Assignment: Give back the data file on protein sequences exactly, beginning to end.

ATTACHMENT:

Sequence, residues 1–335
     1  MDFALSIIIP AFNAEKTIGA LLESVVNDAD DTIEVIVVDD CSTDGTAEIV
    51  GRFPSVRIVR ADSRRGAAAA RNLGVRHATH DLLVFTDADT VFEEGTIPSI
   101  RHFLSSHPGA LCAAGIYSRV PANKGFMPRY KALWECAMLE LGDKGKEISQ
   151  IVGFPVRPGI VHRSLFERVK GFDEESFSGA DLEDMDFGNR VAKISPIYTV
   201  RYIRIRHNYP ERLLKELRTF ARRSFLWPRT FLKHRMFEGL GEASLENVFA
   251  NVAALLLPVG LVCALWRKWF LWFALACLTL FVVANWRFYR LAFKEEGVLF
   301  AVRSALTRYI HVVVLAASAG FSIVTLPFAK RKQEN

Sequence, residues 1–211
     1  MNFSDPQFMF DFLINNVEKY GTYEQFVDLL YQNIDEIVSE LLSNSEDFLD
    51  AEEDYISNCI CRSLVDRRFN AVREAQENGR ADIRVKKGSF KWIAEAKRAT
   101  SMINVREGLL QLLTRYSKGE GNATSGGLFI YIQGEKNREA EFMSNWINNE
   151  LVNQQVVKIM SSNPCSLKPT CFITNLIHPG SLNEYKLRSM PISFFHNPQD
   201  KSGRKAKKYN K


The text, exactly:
Sequence, residues 1–335
     1  MDFALSIIIP AFNAEKTIGA LLESVVNDAD DTIEVIVVDD CSTDGTAEIV
    51  GRFPSVRIVR ADSRRGAAAA RNLGVRHATH DLLVFTDADT VFEEGTIPSI
   101  RHFLSSHPGA LCAAGIYSRV PANKGFMPRY KALWECAMLE LGDKGKEISQ
   151  IVGFPVRPGI VHRSLFERVK GFDEESFSGA DLEDMDFGNR VAKISPIYTV
   201  RYIRIRHNYP ERLLKELRTF ARRSFLWPRT FLKHRMFEGL GEASLENVFA
   251  NVAALLLPVG LVCALWRKWF LWFALACLTL FVVANWRFYR LAFKEEGVLF
   301  AVRSALTRYI HVVVLAASAG FSIVTLPFAK RKQEN

Sequence, residues 1–211
     1  MNFSDPQFMF DFLINNVEKY GTYEQFVDLL YQNIDEIVSE LLSNSEDFLD
    51  AEEDYISNCI CRSLVDRRFN AVREAQENGR ADIRVKKGSF KWIAEAKRAT
   101  SMINVREGLL QLLTRYSKGE GNATSGGLFI YIQGEKNREA EFMSNWINNE
   151  LVNQQVVKIM SSNPCSLKPT CFITNLIHPG SLNEYKLRSM PISFFHNPQD
   201  KSGRKAKKYN K